My Story

SELF-HELP THROUGH STORYTELLING


Who would have thought after thirty-four years of marriage that I would come to this chapter in my life? I certainly did not.   I married my college sweetheart, raised three wonderful daughters, and had a successful and fulfilling career.  I had always assumed I would have the normal, fairy-tale marriage, but life has a way of changing the definition of normal.  Or my normal had always been a dysfunctional existence.  I decided to write my story—along with his story—when I realized I needed a self-help book to get me through the challenges that I had been facing:  marriage to an alcoholic, living with a spouse’s PTSD and depression after Vietnam war trauma (and early childhood loss), betrayal, separation, divorce, a husband’s rising mental health issues, tragedy, loss, and grief.  I had previously read several self-help books, but none included reactions to divorce, challenges with PTSD victims and the aftermath of war, or the impact of rising mental health issues on the family.  I appreciate the concepts, theories, and practical applications within the pages of these books, but stories speak to me more.  How many times have I sat in classrooms or conference sessions, bored and restless, until the teacher or speaker began to illustrate his point with a story? How that always perked me up!  As a school psychologist and former mental health therapist, I was bound and determined not to become embittered or see my emotional health decline because of grievous events that had already occurred and were still happening in my life.  I wanted to use my background and education and weave self-help concepts and tips into my storytelling. To relate to and help others. To show others they are not alone. To give them hope. To remind them they can get through this. — January 17, 2019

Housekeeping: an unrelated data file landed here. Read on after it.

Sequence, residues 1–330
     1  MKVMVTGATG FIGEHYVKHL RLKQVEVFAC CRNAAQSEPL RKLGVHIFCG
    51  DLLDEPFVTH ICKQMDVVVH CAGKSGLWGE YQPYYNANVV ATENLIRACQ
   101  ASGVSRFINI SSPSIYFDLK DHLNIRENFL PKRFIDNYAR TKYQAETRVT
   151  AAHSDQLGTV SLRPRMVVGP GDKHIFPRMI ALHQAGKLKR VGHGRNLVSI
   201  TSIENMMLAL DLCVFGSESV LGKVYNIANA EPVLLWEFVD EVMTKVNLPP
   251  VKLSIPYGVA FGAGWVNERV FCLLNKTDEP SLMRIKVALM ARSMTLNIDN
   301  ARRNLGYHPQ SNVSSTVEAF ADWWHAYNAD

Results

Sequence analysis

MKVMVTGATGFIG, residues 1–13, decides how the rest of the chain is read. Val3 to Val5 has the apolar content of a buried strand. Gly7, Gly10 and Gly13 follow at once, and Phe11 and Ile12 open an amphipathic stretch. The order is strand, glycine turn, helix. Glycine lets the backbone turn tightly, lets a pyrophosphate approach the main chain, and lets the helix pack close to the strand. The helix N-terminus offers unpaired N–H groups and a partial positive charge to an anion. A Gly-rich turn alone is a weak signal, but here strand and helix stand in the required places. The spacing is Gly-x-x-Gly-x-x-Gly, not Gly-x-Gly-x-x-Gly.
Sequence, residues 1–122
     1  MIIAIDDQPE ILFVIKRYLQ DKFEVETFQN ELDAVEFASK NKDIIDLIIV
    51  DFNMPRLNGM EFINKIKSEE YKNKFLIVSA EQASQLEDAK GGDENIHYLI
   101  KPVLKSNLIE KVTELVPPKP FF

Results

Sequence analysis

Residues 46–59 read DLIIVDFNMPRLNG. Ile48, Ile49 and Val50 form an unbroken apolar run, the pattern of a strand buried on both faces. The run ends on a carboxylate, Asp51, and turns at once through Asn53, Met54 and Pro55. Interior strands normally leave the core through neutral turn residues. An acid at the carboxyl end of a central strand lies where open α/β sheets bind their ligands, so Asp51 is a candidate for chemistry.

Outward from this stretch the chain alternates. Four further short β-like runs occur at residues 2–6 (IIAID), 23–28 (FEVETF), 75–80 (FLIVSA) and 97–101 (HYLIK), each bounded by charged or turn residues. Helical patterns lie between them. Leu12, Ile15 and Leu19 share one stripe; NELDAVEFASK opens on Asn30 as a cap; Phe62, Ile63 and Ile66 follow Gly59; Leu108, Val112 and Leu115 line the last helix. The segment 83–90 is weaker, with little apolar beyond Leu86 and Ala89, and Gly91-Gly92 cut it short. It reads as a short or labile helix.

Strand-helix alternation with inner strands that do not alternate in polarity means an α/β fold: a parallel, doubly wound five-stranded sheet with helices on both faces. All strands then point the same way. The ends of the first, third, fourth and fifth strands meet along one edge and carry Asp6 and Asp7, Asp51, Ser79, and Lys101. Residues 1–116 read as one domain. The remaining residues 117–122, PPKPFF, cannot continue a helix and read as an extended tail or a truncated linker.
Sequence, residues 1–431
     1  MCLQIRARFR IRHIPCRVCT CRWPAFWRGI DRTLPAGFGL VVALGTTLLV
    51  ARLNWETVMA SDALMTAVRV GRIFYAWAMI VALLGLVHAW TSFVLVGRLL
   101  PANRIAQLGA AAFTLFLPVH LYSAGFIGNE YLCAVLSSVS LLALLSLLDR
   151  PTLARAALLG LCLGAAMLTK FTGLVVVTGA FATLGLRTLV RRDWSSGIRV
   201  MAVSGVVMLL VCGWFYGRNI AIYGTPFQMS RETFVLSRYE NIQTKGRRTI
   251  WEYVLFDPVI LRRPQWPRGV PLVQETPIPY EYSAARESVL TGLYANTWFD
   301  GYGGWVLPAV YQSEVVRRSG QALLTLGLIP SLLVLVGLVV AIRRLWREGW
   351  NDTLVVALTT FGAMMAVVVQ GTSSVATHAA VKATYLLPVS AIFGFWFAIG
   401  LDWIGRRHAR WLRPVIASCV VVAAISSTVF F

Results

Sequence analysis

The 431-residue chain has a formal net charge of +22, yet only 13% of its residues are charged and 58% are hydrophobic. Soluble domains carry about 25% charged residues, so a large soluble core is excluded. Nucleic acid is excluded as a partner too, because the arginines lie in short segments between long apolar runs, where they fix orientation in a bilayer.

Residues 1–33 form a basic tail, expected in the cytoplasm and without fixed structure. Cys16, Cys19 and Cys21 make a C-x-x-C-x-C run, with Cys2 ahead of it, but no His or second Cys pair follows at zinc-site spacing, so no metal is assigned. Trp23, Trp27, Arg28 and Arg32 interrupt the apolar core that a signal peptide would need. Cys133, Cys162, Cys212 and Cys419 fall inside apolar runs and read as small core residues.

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WRITING IS CATHARTIC

I sat at my breakfast table and wrote for one solid hour immediately after my husband walked out of our home. I continued to take notes in an effort to analyze my marriage, comprehend our separation along with the pending divorce, and understand his addictive behavior.  I was abruptly halted when I was faced with another tragic event ten months later. My writing continued in full force during the next couple of years. I penned most of my words in an old, gray cabin while seated at a worn, stained, oak table settled in the middle of a sparse kitchen anterior to a screened-in porch. The kitchen windows and the porch screen provided the lens through which my eyes could gaze upon the tranquil view of the Arkansas River Valley, as it lay at the foot of the mountain and fanned out to the eastern horizon. I sat for many hours at that kitchen table in the rustic cabin that belonged to my husband’s family–the cabin is perched on the top edge of his beloved Mount Nebo. I am convinced that I could not have recovered and reached peace had I not let my thoughts and emotions run down my arm into the pen and onto the paper. — January 3, 2019